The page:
Institutional report - Assisted circulation sensitisation and post-transplant course after the implantation of ventricular assist device

Vilnius University, Vilnius, Lithuania.
Interactive Cardiovascular and Thoracic Surgery (Impact Factor: 1.16). 03/2009; 8(3):339-42; discussion 342-3. DOI: 10.1510/icvts.2008.192567
Source: PubMed


The purpose of this study was to evaluate sensitisation, occurring because of bridging with VAD, and development of rejection episodes after transplantation in selected groups of patients using triple drug immunosuppression, without induction or desensitisation therapy. Sensitisation using standard complement dependent cytotoxicity was tested in 16 patients awaiting cardiac transplantation before VAD placement, one month post-implantation and on a six-monthly basis later on. Long-term (955+/-998 days) post-transplant course of six transplanted post-VAD patients was compared with 19 non-bridged recipients (follow-up time 1425+/-1273 days) of the same age. One-third of VAD recipients had developed anti-HLA antibodies one month post-implantation; 4/16 patients were sensitised six months after implantation. No de novo sensitisation development was revealed in VAD group post-transplantation. All sensitised patients independent of VAD placement underwent graft rejection episodes. Only 1 of 6 VAD recipient was treated because of grade 2R rejection, compared to 6/19 in the non-bridged group, P=0.63. None of the patients had failed because of early graft rejection. In conclusion, VAD devices used in our centre cause low level risk for anti-HLA antibodies development. There were no differences in survival due to immunologic reasons between VAD bridged and non-bridged patients.

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    ABSTRACT: Background: Left ventricular assist devices (LVAD) as a bridge (BTT) to heart transplantation (HTX) may be limited by the formation of anti-human leukocyte antigen antibodies. Whether sensitization occurs with continuous axial flow LVAD implant as assessed by single antigen bead (SAB) assay is unknown. Methods: Cytotoxic panel-reactive antibody (PRA) and SAB assays were analyzed in HTX recipients undergoing LVAD implant as a BTT. Sensitization was defined as peak anti-human leukocyte antigen antibody values of more than 2000 mean fluorescence intensity because these values have been found to correlate with flow cytometric crossmatch results. Results: LVADs were implanted as BTT in 30 patients. There were 7% (2 of 30) of patients before LVAD implant and no patients after LVAD implant with PRA more than 10%. However, 20% (6 of 30) of patients before LVAD and 53% (16 of 30) after LVAD were sensitized as measured by SAB (P=0.024). At HTX, 47% (14 of 30) of patients remained sensitized. A positive virtual crossmatch was observed in 28% (4 of 14) of the sensitized patients at HTX. There was no difference between the sensitized and nonsensitized groups (P>0.4 for all) in usage of blood products (6411 vs. 6339 units) and time to HTX (28,663 vs. 25,748 days), and 1 year after HTX, there were no differences in rejection (total rejection score 0.30 vs. 0.37) and survival (93% vs. 88%). Conclusion: Allosensitization after LVAD is common despite cytotoxic PRA being negative. One year after HTX, this sensitization does not translate into increased acute cellular or antibody-mediated rejection or reduced survival.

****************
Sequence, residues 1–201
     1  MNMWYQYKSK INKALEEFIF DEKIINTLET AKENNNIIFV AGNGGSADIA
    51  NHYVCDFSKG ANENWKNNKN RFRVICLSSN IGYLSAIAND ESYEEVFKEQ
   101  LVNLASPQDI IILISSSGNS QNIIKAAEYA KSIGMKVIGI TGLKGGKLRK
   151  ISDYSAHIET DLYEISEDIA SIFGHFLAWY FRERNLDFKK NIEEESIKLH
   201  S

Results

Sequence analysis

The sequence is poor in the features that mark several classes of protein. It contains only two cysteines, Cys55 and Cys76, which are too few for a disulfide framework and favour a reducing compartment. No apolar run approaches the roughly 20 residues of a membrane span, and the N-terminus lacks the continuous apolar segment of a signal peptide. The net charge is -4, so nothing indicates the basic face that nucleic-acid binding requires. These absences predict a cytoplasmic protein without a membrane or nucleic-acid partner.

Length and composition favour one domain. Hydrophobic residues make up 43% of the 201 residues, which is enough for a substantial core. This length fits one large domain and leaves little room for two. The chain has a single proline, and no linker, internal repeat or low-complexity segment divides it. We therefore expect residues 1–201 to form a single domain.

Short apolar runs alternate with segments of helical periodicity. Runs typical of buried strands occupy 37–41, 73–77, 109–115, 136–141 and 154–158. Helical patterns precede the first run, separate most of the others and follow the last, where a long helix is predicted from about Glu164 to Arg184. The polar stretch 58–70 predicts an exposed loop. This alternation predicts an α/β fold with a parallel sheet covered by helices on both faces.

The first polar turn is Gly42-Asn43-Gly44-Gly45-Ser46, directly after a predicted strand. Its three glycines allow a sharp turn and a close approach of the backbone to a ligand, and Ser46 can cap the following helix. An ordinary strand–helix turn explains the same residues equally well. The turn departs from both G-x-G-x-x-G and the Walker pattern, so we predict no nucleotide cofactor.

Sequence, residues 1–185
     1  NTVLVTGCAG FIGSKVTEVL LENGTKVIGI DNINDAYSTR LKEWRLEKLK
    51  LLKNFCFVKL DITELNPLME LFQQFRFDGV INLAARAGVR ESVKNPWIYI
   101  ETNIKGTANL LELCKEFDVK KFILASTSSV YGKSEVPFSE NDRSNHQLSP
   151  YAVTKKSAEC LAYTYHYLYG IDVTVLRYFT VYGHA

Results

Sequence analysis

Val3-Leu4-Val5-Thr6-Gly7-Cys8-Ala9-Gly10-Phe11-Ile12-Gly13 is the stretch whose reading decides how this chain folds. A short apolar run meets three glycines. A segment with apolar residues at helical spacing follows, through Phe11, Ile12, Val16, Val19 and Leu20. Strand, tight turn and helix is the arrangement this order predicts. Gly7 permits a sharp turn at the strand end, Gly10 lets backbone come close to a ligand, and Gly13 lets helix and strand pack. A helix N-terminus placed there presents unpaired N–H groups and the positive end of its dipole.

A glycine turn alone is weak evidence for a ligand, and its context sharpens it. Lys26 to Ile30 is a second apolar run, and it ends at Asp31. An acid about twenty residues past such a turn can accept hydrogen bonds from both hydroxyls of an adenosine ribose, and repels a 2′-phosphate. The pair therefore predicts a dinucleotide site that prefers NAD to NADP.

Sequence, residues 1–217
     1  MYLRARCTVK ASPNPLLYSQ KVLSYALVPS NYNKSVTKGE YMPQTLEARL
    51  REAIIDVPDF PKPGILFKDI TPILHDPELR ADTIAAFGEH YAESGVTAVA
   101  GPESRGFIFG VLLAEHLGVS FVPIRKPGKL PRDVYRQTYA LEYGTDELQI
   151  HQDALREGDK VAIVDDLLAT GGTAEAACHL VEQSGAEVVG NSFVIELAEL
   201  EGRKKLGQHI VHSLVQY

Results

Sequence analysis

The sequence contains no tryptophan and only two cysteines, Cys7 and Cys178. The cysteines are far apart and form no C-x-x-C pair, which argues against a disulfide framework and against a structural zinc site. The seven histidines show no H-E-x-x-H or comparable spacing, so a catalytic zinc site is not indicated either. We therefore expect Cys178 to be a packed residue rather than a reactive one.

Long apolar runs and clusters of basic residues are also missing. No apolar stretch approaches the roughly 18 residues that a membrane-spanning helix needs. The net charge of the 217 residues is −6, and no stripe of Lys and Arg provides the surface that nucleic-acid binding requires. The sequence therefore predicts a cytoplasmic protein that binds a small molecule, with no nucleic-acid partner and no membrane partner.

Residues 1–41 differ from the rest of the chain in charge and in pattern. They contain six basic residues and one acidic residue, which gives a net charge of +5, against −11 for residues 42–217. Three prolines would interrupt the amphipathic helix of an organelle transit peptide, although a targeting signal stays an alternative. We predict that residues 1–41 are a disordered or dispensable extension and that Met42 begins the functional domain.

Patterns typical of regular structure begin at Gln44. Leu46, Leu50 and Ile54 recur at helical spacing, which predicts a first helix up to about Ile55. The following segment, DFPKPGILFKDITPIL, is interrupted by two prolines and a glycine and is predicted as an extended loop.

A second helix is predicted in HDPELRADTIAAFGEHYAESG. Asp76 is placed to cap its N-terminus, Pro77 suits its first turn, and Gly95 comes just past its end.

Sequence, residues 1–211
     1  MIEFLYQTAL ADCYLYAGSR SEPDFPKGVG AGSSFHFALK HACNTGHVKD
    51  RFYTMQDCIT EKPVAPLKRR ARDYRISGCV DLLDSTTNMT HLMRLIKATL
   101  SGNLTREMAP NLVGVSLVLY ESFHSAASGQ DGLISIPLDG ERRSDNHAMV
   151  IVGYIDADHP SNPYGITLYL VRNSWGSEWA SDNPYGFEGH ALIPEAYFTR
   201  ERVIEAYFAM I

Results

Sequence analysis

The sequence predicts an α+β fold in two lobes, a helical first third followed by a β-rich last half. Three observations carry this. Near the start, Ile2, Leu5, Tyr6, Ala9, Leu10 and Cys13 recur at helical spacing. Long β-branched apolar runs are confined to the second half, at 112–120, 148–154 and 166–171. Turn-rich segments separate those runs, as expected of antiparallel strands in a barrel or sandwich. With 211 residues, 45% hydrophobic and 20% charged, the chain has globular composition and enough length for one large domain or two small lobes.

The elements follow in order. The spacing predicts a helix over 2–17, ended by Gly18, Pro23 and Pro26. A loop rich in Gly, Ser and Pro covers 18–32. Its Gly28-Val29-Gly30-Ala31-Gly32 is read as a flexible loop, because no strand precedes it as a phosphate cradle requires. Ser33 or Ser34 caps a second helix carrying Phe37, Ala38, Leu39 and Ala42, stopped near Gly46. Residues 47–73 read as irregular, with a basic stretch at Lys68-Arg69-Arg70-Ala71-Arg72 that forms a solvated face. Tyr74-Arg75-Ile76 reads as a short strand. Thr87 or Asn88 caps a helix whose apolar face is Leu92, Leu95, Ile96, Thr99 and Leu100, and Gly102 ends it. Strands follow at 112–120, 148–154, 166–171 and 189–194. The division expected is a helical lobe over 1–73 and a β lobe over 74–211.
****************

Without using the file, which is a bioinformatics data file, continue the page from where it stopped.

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    ABSTRACT: Recent data suggest that Berlin Heart EXCOR Pediatric (EXCOR) ventricular assist device improves waiting list survival for pediatric heart transplant candidates. Little is known about their post-transplant outcomes. The aim of this analysis was to determine whether there was a difference in early survival for children bridged to transplant with EXCOR versus status 1A pediatric heart transplant patients not transplanted with ventricular assist device support. Pediatric heart transplant patients (n=106) bridged to transplantation with EXCOR were compared with a similarly aged cohort (n=1021) within the Organ Procurement and Transplant Network (OPTN) database (both cohorts from May 2007 to December 2010). In the EXCOR group, 12-month post-transplant survival (88.7%) was similar to OPTN patients listed status 1A who were not on ventricular assist device support at transplant (89.3%; P=0.85) and significantly better than 12-month survival in OPTN patients on extracorporeal membrane oxygenation at transplant (60.3%; P<0.001). Rejection (50%) was a significantly (P=0.005) higher cause of 12-month post-transplant mortality in the EXCOR compared with the OPTN group. Death after transplant was also higher in EXCOR patients with congenital heart disease compared with those with cardiomyopathy (26.1% versus 7.2%; P=0.02). Post-transplant survival was similar in EXCOR patients with ≥1 serious adverse event during ventricular assist device support as those without an event during support. The 12-month post-transplant survival with EXCOR is comparable with overall pediatric heart transplant survival and superior to survival after extracorporeal membrane oxygenation. Neither adverse events during support nor factors associated with mortality during support influence post-transplant survival. Rejection was a significantly greater cause of post-transplant mortality in EXCOR than in OPTN patients.
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